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Immigration Judge in Denver May Have Coronavirus, Some Courts Now Closed

An immigration judge in Denver is exhibiting symptoms of coronavirus and self-quarantining, a development that has fueled increased demands from those who work there that immigration courts be shut down.

"The courts need to close. We are very frustrated with how this is being handled. It's really a disaster for the public health and for our health, in particular," says Samuel Cole, director of communications for the National Association of Immigration Judges. The local judge who is exhibiting symptoms has requested anonymity.

On March 17, the Department of Justice's Executive Office for Immigration Review announced that non-detained court hearings will be postponed indefinitely. But hearings will still go ahead at the detained court in Aurora, which is located at the immigrant detention facility there.

In addition to the judges' union, local immigration attorneys and unions representing immigration attorneys and ICE attorneys are also demanding that the detained court, which handles people in ICE custody, be temporarily closed.

"We’ve been told that, at the national level, that it’s mandated that we go to court, so long as it’s opened," says an attorney with ICE, who asked to remain anonymous due to fear of retaliation. That attorney was in court with the now-quarantined immigration judge on March 13 and noticed that the judge was coughing.

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The judge said that it was bronchitis that had lasted for a few weeks, the attorney recalls. But after the judge wasn't on the court docket for this week, the attorney reached out to the Executive Office of Immigration Review staff on March 17 to find out if there was any reason for concern.

It wasn't until this morning, March 18, that the staff responded with instructions that the attorney speak with a health-care practitioner because of possible exposure to coronavirus.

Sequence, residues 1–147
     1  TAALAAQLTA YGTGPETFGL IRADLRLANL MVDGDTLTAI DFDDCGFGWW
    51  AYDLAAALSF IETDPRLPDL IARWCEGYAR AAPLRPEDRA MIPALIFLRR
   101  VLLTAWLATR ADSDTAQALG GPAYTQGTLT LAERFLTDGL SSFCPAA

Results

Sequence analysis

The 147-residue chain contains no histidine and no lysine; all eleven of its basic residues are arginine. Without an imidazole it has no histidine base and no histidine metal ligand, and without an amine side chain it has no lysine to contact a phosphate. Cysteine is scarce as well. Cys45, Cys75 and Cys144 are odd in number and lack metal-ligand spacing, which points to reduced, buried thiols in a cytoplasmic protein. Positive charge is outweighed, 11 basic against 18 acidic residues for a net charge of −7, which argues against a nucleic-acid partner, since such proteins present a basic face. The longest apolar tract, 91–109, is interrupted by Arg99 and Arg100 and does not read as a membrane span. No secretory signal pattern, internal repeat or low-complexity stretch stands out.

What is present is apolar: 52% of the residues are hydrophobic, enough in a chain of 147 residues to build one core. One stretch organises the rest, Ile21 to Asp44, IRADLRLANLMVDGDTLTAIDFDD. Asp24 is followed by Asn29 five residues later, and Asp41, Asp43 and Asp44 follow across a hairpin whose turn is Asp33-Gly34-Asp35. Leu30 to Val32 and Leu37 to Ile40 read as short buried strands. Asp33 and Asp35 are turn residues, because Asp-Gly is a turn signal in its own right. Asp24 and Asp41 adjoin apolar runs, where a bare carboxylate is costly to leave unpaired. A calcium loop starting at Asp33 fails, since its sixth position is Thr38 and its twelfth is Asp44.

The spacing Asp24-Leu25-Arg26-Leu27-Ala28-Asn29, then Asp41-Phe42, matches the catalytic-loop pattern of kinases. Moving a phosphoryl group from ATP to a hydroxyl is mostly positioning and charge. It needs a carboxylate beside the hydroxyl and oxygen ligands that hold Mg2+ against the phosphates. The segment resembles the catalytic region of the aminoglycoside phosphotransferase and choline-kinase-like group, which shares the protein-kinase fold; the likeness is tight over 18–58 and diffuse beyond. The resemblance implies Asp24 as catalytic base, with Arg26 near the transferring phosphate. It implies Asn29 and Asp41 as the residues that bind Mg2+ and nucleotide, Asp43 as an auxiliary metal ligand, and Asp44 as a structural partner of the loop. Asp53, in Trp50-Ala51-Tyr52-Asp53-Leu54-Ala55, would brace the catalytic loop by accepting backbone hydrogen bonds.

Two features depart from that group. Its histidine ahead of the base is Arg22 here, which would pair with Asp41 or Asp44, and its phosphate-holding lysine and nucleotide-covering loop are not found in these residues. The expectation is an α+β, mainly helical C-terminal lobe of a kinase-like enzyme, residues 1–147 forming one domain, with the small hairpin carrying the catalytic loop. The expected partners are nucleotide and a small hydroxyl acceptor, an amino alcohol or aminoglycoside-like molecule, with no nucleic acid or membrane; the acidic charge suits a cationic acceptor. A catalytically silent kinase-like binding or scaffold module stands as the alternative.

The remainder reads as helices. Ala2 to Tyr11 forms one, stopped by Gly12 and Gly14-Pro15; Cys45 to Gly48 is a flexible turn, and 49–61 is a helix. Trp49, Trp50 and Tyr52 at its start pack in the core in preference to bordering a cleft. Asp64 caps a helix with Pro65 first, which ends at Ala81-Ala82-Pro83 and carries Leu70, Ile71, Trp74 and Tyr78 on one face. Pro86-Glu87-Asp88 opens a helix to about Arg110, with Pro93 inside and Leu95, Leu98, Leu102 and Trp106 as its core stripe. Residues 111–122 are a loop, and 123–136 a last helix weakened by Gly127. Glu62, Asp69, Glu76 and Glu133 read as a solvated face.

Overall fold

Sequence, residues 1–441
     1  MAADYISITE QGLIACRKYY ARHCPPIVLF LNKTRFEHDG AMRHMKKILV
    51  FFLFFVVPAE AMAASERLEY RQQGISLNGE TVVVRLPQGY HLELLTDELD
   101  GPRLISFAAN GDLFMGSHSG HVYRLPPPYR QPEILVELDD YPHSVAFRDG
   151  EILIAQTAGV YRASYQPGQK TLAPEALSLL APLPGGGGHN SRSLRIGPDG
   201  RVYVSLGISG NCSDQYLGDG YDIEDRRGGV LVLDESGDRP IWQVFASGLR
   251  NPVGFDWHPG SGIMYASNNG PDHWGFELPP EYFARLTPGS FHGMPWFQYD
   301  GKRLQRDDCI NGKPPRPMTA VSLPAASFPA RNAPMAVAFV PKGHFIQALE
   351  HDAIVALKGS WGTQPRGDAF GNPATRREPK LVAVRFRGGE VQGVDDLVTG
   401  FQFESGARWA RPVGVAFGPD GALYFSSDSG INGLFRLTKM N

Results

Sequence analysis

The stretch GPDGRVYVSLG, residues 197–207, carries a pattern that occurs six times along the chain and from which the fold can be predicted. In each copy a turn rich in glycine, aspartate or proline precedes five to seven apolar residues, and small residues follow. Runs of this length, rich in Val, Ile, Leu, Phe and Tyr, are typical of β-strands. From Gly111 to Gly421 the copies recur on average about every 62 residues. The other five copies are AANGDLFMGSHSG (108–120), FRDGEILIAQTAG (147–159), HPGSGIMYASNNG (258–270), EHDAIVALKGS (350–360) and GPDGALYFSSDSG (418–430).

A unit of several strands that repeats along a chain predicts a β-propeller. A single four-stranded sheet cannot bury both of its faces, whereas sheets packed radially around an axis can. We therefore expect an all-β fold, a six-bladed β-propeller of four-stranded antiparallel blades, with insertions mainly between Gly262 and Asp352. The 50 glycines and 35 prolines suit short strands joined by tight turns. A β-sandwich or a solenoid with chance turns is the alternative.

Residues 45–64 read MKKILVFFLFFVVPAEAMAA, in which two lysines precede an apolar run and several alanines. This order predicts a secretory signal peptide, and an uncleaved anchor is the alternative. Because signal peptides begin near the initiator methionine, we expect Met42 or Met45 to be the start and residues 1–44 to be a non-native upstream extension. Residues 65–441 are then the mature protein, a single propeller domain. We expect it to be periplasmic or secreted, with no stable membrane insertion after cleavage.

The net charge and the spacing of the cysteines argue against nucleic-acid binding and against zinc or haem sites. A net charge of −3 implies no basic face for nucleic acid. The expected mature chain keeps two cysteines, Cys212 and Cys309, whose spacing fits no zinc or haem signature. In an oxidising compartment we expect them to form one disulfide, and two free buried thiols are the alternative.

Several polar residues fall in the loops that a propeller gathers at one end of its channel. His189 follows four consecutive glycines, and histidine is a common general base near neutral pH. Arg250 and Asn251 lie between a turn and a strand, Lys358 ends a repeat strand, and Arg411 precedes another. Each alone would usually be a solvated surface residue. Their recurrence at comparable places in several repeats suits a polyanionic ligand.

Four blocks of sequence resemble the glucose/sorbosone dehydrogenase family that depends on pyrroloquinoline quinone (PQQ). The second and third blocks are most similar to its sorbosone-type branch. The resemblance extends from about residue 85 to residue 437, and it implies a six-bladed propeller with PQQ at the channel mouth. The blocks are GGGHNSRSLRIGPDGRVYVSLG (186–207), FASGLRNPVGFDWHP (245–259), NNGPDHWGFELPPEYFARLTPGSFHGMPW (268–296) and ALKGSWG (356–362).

"My own very, very strong belief is that I would have gotten nothing if I hadn't asked yesterday," says the attorney, who wants all courts to temporarily close down for the time being.

The attorney is joined by others whom the government is typically battling against in court. "If you can close the immigration court down over funding for a border wall, you can close it down for a global pandemic," says Christina Brown, a Denver immigration attorney, who notes that the immigration court was closed in early 2019 because of the government shutdown.

The federal government has already decided that some immigration matters deserve to be delayed in light of the spread of coronavirus. Aside from the Department of Justice canceling the non-detained court docket, U.S. Citizenship and Immigration Services has temporarily closed all of its offices to the public; as a result, citizenship and naturalization matters and asylum requests will be delayed.

But the feds are still moving forward with the detained court docket in places like Aurora.

"That's just outrageous," says Alec Revelle, a former immigration court administrator who worked for over twenty years in the Denver immigration court. "I get that the courts have a million-plus-case backlog, but saying that you have to have staff and judges work is putting completing cases ahead of public safety."

As of early March 18, there have been 183 confirmed COVID-19 cases and two deaths in Colorado.